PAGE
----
Friday, September 16, 2011

Jane Eyre: Post Number 1 "The Curtain"

I am unsure if the observation I feel stood out to me is a legitimate reference, but I am going to start my first blog with it and see what you, my fellow classmates, and Professor Hager have to add.  In the early chapters of Jane Eyre we saw that Jane found solice in her seat in the window, "behind the curtain". This was most graphically described just before John Reed attacked Jane. Fast forward now to Chapter seventeen where Jane is coming in to "the guest" dinner party. Jane had described she was not comfortable with Mr. Rochester's request for her to attend in the first place, however she did not want to let him down. (My suspicion is his threat to come up and get her himself should she not attend was the push she needed for fear she would be looked at as disobedient in his eyes). Nevertheless, Jane did go, and what I noticed was when she felt awkward watching and listening to the ladies converse around her, especially regarding a "governess" for little Adele, Jane became very uncomfortable. It was described (to paraphrase), that Jane sat in the 'shadows' half hidden by the curtain.  I found it curious, and not a coincidence that she found herself seated where she once favored as a child in a home where she was made to feel the outcast.  At this dinner party, she felt the outcast for certain.  I worry I may be reading into something that really did not have that intentional meaning and look forward to what everyone has to provide in input.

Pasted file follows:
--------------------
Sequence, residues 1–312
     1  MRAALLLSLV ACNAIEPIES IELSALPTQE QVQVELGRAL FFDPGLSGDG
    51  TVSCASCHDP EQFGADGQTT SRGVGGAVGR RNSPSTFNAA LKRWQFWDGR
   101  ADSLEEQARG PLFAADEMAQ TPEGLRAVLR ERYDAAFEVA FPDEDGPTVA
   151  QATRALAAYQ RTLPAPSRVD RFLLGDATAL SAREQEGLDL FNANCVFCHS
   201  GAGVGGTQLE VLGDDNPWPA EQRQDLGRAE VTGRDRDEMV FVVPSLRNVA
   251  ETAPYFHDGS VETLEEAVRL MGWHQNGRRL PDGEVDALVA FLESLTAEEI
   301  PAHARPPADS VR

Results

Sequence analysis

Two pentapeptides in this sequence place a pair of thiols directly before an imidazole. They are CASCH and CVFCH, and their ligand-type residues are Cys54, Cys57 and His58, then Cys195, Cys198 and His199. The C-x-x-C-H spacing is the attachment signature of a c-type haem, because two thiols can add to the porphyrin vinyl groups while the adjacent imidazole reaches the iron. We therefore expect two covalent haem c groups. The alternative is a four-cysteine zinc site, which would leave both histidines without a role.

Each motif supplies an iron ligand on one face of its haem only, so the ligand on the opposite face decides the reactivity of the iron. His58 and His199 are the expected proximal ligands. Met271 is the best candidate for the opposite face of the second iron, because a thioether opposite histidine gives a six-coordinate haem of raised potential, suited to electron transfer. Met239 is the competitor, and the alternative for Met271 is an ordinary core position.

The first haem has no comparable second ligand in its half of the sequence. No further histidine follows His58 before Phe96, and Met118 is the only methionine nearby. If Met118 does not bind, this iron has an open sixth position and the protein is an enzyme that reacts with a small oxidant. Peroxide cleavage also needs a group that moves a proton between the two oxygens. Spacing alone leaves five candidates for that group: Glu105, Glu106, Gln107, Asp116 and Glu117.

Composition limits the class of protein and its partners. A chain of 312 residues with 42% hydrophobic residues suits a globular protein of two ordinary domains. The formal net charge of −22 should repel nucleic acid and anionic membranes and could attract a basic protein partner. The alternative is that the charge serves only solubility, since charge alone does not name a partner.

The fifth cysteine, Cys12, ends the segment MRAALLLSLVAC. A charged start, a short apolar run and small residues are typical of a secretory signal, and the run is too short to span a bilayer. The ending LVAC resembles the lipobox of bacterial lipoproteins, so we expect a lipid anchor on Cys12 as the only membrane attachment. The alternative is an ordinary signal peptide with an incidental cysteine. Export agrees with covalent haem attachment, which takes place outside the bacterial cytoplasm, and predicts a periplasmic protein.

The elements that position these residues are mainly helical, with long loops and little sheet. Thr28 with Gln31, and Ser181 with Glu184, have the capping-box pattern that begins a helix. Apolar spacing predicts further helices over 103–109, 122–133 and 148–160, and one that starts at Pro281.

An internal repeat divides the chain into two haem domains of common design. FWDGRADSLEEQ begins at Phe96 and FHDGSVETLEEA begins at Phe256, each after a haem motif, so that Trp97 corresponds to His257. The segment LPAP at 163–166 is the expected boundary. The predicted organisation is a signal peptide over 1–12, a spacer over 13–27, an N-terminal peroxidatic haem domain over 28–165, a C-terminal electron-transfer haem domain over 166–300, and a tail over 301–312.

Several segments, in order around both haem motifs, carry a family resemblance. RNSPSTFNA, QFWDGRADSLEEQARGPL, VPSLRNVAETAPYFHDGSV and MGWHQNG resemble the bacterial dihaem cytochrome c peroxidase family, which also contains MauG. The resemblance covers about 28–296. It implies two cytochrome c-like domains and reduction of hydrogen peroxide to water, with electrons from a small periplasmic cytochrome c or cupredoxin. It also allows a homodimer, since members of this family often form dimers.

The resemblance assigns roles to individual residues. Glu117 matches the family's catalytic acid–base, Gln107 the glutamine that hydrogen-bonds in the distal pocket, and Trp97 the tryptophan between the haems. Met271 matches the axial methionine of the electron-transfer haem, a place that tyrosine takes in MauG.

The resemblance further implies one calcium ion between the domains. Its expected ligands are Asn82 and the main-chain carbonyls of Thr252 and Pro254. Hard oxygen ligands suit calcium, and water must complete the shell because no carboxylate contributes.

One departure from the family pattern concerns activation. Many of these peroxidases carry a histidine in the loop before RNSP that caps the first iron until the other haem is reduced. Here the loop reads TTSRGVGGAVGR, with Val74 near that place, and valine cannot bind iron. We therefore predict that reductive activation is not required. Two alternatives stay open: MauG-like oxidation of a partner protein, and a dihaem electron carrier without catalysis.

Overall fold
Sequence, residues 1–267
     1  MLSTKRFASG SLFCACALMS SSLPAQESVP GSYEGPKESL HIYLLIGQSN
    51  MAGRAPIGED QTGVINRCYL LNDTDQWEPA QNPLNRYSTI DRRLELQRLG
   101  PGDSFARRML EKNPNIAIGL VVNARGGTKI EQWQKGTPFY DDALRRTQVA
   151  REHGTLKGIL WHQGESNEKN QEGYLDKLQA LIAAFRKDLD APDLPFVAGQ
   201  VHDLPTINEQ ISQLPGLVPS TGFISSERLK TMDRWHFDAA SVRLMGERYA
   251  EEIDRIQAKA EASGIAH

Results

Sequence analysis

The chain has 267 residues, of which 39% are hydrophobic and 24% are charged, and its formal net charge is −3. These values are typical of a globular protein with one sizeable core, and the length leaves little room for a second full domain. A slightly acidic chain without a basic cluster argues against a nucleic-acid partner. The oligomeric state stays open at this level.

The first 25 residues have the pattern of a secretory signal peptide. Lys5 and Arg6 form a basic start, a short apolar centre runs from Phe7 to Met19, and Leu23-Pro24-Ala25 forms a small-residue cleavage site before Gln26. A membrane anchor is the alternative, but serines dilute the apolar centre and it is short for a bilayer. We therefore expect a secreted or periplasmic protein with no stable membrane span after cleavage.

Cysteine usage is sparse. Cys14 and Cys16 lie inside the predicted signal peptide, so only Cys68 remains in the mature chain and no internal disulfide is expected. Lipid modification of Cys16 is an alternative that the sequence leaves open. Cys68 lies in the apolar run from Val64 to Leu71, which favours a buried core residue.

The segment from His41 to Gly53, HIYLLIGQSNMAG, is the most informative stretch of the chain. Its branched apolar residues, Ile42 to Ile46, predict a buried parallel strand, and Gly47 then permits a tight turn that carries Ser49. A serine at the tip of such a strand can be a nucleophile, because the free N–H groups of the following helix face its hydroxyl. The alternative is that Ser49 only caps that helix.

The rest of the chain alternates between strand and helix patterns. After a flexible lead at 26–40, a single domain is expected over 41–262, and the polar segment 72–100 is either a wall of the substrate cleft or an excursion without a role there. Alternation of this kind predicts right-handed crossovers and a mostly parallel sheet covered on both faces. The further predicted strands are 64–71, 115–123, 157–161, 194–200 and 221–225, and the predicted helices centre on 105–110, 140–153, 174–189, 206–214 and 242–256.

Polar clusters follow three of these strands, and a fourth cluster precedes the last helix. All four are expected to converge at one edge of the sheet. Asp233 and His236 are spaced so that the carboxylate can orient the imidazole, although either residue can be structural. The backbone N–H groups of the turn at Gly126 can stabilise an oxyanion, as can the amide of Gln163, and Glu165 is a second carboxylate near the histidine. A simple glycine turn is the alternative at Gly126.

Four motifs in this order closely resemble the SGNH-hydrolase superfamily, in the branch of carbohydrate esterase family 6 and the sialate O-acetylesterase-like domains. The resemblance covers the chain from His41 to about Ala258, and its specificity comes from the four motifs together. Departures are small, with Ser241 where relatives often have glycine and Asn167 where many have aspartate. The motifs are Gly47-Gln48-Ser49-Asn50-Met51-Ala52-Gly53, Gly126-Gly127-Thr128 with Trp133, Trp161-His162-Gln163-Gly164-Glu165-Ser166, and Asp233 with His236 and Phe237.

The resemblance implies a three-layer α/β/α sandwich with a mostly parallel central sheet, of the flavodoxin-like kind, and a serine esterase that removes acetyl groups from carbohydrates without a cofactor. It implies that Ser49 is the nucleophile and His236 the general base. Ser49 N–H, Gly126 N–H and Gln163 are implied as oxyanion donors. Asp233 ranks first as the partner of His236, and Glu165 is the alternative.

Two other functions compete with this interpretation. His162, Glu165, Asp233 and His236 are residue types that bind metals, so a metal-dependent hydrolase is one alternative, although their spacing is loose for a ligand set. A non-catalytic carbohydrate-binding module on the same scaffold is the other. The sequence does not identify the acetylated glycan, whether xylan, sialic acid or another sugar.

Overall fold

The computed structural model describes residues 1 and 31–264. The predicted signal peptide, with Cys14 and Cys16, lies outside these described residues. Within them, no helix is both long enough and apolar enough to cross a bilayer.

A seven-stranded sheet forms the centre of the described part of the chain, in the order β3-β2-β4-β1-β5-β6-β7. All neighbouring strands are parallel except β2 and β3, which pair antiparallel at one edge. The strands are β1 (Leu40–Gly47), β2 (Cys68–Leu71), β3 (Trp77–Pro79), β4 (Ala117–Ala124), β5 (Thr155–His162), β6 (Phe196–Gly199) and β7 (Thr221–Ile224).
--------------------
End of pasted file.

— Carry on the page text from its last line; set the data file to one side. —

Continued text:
1. It makes a lot of sense, and it goes to follow the whole theme of this course, that being "the outsider within"

    As Jane was the outsider in her first home with the Reeds, so to was she now an outsider within Thornfield, amongst the lady visitors. The curtain could further signify that purely by being a window seat, it's the closest thing to being outside you can get while remaining inside the house.

  2. Great point! We might also think of these curtains as protective and potentially womb-like